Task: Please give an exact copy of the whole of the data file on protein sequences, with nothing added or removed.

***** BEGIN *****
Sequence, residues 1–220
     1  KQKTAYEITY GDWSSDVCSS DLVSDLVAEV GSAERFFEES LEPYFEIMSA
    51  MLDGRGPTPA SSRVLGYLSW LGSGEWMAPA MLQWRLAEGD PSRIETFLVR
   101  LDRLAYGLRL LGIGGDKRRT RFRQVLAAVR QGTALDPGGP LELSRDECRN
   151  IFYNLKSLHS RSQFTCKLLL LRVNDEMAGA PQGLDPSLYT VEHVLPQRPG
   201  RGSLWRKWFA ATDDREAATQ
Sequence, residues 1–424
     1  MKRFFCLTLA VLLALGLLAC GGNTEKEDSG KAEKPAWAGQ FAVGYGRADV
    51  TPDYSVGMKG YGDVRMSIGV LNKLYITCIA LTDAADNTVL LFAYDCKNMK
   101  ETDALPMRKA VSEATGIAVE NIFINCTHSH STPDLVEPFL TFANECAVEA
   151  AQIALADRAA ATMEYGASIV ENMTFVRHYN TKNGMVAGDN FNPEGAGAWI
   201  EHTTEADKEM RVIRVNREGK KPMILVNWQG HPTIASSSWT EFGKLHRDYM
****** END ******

Sequence, residues 1–220
     1  KQKTAYEITY GDWSSDVCSS DLVSDLVAEV GSAERFFEES LEPYFEIMSA
    51  MLDGRGPTPA SSRVLGYLSW LGSGEWMAPA MLQWRLAEGD PSRIETFLVR
   101  LDRLAYGLRL LGIGGDKRRT RFRQVLAAVR QGTALDPGGP LELSRDECRN
   151  IFYNLKSLHS RSQFTCKLLL LRVNDEMAGA PQGLDPSLYT VEHVLPQRPG
   201  RGSLWRKWFA ATDDREAATQ
Sequence, residues 1–424
     1  MKRFFCLTLA VLLALGLLAC GGNTEKEDSG KAEKPAWAGQ FAVGYGRADV
    51  TPDYSVGMKG YGDVRMSIGV LNKLYITCIA LTDAADNTVL LFAYDCKNMK
   101  ETDALPMRKA VSEATGIAVE NIFINCTHSH STPDLVEPFL TFANECAVEA
   151  AQIALADRAA ATMEYGASIV ENMTFVRHYN TKNGMVAGDN FNPEGAGAWI
   201  EHTTEADKEM RVIRVNREGK KPMILVNWQG HPTIASSSWT EFGKLHRDYM